Farmers Market Marketing Series #7: Three Big Ideas on Your Booth

971192_10152864737090195_382204517_nOnce you’re at the Farmer’s Market, your booth design and signage are going to play a big role in how successful you are. If you do it right, no one will even notice the impact of them – they’ll just feel drawn to it and want to spend time there.

Years ago, I was at the downtown Edmonton Farmer’s Market.

As I was walking past someone I overheard them say, “I’m the kind of person who walks all the way through the farmer’s market and then buy on the walk back.”

It occurred to me that I’d just done the same thing.

And it is a good reminder about the importance of safety in marketing. The importance of letting people check you out and get a taste of what you offer.

And a good reminder about how people work. People don’t like to be pushed into buying too soon. And, quite frankly, given the amount of choice that people have today, pushing them is exactly the wrong thing to do. Instead, you want to create a safe, warm and inviting presence. You want to be a hub. You want to stick out without being pushy.

And so I’m seeing that part of being a hub is being patient. Knowing that people might wander that farmer’s market many times that day, back and forth, before deciding to check you out. One day, they might already have enough potatoes and not need what you’re selling. The next day, they’re out of potatoes and your potato stand is super attractive. One month, they just bought themselves a brand new dress and would love to buy the one you’re selling but can’t justify the cost. The next month, they get a raise and decide to splurge.

So, patience and humility are good here. No matter how good your marketing is – some people will just take you own damned time.

But, even so, there are things you can do to increase your chances of being noticed. And then you’ll need to engage them properly, which is the focus of the next blog post in this series.


0d40bc2ba3bd2cdd99e57124b650bb7dBOOTH IDEA #1: Booth Design.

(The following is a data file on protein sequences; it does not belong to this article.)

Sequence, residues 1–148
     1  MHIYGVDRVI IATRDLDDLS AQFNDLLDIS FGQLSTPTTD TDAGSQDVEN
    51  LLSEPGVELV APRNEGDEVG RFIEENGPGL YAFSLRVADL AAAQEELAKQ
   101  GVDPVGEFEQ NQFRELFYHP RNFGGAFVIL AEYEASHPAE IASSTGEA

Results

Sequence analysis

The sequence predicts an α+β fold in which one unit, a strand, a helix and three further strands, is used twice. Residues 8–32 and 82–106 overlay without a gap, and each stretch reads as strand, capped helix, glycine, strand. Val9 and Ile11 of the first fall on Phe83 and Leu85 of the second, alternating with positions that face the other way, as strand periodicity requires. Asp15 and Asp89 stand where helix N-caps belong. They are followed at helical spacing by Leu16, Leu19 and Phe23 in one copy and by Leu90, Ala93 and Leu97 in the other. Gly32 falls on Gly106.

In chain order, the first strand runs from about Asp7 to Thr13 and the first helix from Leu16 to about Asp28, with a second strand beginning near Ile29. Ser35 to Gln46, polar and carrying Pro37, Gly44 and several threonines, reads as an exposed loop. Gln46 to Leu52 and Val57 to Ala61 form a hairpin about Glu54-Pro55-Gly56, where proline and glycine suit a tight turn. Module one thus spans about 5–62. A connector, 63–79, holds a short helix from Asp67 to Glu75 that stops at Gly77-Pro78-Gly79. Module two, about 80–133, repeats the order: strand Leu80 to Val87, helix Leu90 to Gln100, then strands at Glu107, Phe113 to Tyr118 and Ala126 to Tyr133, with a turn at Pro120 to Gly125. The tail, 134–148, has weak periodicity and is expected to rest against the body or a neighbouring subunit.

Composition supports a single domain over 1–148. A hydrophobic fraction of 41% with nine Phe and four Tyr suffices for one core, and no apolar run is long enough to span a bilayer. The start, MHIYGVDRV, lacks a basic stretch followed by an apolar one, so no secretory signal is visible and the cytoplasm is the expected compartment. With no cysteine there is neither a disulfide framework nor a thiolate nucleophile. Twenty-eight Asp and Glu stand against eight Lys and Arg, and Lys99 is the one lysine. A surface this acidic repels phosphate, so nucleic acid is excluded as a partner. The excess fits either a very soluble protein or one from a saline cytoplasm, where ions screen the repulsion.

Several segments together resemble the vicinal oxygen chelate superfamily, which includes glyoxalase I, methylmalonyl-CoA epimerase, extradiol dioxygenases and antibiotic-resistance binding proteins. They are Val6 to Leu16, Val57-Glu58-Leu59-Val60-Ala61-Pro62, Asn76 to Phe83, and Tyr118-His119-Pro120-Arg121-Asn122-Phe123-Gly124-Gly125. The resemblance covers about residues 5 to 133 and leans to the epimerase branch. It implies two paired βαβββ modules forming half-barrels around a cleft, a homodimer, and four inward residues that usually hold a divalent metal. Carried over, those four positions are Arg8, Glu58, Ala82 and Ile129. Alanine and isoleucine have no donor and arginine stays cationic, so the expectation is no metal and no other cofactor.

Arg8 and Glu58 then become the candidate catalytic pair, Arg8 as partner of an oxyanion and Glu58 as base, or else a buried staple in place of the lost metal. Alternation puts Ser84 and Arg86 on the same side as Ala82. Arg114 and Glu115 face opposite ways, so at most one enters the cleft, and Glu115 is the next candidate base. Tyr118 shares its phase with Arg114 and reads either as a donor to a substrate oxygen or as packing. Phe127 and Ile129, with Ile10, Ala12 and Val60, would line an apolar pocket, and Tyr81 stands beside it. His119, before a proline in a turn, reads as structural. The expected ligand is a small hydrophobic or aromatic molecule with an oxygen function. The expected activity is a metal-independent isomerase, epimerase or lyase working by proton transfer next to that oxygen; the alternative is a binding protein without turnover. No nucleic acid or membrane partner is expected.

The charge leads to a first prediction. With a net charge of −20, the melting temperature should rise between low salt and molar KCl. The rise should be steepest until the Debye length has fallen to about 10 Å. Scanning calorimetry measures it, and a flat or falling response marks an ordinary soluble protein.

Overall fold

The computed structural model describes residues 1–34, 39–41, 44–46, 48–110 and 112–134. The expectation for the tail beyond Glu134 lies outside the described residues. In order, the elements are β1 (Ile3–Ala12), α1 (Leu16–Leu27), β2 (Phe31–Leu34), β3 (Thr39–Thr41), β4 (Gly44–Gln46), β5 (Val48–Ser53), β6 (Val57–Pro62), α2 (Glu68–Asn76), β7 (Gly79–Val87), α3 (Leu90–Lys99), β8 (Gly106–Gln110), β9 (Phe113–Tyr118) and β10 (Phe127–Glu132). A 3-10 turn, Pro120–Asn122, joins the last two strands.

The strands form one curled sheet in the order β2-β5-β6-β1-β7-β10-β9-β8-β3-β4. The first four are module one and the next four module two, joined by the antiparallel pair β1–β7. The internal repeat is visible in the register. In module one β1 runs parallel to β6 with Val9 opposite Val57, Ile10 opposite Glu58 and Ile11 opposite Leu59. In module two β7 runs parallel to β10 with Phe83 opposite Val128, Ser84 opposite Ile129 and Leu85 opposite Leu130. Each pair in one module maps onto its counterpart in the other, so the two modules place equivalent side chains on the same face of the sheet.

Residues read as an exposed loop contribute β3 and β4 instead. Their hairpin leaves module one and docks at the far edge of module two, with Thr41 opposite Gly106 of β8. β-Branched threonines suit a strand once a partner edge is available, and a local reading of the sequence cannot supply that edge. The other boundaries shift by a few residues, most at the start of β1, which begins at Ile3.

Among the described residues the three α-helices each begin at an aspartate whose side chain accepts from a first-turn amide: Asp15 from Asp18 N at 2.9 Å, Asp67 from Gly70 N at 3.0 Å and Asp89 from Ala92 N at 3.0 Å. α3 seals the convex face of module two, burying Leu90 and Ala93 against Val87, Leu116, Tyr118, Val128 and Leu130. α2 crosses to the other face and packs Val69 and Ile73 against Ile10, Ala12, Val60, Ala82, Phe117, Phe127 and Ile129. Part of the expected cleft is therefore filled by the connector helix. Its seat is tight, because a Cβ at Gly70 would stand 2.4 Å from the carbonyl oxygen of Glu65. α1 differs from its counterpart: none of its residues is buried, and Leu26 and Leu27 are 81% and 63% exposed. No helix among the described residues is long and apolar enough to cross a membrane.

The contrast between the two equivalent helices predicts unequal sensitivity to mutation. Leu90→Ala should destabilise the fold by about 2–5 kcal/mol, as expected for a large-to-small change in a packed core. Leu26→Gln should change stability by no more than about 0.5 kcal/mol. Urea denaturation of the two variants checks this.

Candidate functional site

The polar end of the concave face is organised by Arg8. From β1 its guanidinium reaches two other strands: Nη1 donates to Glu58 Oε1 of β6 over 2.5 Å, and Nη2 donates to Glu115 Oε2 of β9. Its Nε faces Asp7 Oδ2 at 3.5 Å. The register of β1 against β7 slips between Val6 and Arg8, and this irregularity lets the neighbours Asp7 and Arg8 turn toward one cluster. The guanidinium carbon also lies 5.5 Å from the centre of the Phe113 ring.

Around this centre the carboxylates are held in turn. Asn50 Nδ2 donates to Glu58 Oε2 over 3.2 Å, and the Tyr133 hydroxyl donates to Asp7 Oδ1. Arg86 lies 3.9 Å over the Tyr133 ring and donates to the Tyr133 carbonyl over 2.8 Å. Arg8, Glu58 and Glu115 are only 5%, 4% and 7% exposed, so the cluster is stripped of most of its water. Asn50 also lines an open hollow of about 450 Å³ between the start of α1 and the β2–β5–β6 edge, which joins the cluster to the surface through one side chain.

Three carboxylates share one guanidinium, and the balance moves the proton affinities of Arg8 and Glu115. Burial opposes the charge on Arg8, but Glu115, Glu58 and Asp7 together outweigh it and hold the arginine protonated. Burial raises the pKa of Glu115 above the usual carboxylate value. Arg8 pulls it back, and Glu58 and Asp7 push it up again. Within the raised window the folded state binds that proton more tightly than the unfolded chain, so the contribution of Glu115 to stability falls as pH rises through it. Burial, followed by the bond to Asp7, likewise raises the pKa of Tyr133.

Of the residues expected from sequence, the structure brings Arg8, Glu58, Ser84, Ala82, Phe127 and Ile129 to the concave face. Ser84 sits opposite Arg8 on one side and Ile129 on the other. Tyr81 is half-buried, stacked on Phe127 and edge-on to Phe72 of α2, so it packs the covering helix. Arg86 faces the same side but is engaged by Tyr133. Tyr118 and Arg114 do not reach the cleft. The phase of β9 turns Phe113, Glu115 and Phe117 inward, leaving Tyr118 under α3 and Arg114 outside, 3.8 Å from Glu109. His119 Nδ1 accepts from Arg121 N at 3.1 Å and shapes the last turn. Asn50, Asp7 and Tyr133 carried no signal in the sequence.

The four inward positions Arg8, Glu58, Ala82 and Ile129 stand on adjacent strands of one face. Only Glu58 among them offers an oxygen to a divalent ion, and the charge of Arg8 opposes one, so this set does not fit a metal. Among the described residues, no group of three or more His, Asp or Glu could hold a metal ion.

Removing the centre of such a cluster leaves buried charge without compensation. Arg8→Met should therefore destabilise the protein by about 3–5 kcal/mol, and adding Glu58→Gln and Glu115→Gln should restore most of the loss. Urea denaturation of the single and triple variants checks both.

Your product display should be a work of art that invites interaction.” – Andy Larson

And now to your booth.

My colleague Tiina Veer put it well when she said, “Make the booth attractive and display wares attractively. There are several roadside orchard markets near our family cottage and by far the most popular one is the one that has everything displayed so beautifully that it draws you right in. People even stop there to take pictures.”

Some key ideas in your booth design…

Open, clean and visible. A cluttered and confusing display will not draw people in. Many farmer’s markets make very effective use of baskets to display their produce. Pro tip: If you want to tip your baskets slightly forward towards the customer, consider using doorstops under them.

Also think colourful. And experiment with what mix of colours is most appealing. It’s often more eye catching to mix colours together a bit. If you have a pile of red peppers, maybe put a smaller pile of yellow peppers right in the middle. The display to the right does a beautiful job. One marketing expert suggested putting yellow in the front.

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Note: red and blue canopies can cast a very unflattering light on yourself and your wares. Best to stick with a basic white.

And think levels. You want your wares displayed from waist level to six inches above the eye. Remember this: people shop from the hip up. Don’t make people reach more than three feet for anything by stocking it to low, high or deep on your table. And not everything flat on the table – having a few levels of things makes it more interesting.

Flow is vital. Make sure it’s set up for people to easily come in, buy things and move on. You don’t want paying customers to block out potential customers. Or vice versa.

Here is a great diagram of one potential set up for good flow from

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Keep baskets looking full. A great way to do this is illustrated in the photo below.